No genre is good or bad per se. If you research any genre, you will find there are winners and losers. It's true that some genres become hot and trending etc, but you can do very well (perhaps even better) within genres that don't, where you can be a big fish in a small sea.

There are other roads to the top of the mountain. By this, I mean that you don't need to do what everybody else is doing - I understand that this is not the essence of the received wisdom (and I am not saying there is anything wrong with it) but it is not the only way.

Here's wishing you the best of luck as you work out the way forward.

Will :)

Offline thesmallprint

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Somebody just posted an old TV advert on twitter here in the UK. It was from 1975 and it was a recruitment ad for the coal mining industry in Wales. Its tagline was: "People will aways need coal"

Oh yeah?

Come August I'll be 64 years old.  Here's the main lesson I've learned from life: When it comes to predicting markets, events in geopolitics, weather, economic conditions, election results, nobody knows anything.

Nobody knows anything.

An educated guess that proves wrong has no more merit for it being educated, although I will forecast one thing: the speed of change will increase, especially in our business. Markets will saturate in double-quick time. New marketing tactics will become blunt within months if not weeks. Current stalwarts like BookBub will one day - probably sooner than we think - go under.

To try to anticipate consumer behaviour, and constantly be determined to react to it, is the road to misery. Rich misery for some, for a while, no doubt, but misery all the same.

So, write what you enjoy writing and at a pace that makes you happy. If it sells it sells. If it doesn't, at least you enjoyed writing it and, if it's good, that ever-changing market will come all the way back round and discover you again. And when it turns up in your yard it'll find you sitting on a swing in the sunshine with a cold drink and a smile.  What it will find in many yards is a grave with a wooden cross marked "She wrote and marketed herself to death".

AnnieJo, I suspect that one of the toughest things you've done was hit publish when you finished your original post. You might have spent many sleepless nights worrying and condemning yourself, but coming here now took guts and heart and humility. You might not be earning as much as before, but the experience has done you no damage as a human being. You're a star.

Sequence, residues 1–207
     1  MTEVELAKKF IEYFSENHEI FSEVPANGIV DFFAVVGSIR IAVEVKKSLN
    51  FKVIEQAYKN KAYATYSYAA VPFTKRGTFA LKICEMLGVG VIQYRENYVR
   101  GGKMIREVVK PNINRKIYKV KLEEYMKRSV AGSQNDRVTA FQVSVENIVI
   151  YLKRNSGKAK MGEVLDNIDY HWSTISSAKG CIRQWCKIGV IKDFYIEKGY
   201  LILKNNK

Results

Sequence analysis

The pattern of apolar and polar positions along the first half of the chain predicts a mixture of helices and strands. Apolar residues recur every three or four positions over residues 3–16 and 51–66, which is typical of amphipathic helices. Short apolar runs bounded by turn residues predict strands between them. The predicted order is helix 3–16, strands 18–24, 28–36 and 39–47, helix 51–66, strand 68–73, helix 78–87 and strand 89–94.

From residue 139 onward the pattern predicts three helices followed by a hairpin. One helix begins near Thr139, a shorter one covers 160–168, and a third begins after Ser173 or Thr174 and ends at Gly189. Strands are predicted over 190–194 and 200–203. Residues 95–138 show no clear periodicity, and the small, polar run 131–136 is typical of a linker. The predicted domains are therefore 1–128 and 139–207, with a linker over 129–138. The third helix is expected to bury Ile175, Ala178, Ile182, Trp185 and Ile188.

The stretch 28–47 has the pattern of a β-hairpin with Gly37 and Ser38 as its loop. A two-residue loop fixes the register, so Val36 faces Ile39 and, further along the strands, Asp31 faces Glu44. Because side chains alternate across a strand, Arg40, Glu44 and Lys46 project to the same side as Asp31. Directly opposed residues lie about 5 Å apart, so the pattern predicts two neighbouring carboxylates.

The strength you had to write this will stand you in good stead. So will your experience. People sometimes talk of experience without, I think, realizing what is at the heart of it. Its value is much underrated. Experience comes to your rescue in the dead of night when you cannot write another word. When you are exhausted. When you are done and you know you are done. Finished. But the trick with experience is that it won't appear unbidden and rescue you. You must call on it. You must say to yourself, "I know I can do this because I have done it before. If I have done it before I can do it again. This is nothing new to me. This is not a challenge. I have done it. I passed the test a long time ago. I can do it."

Good luck AnnieJo.



Will Edwards

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But the trick with experience is that it won't appear unbidden and rescue you. You must call on it. You must say to yourself, "I know I can do this because I have done it before. If I have done it before I can do it again. This is nothing new to me. This is not a challenge. I have done it. I passed the test a long time ago. I can do it."

^ A lovely post and quite lyrical too :)

Offline This_Way_Down

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The fact is that we are entertainers. I know some people imagine themselves artists. But readers of genre fiction want to be entertained. So if they want a certain type of book from you, give it to them. Be entertaining. You just can't take your fans where you think they should go if they don't want to go there. I'm not saying abandon other types of stories. But I think the lesson you have learned is you had better dance with the one that brung ya...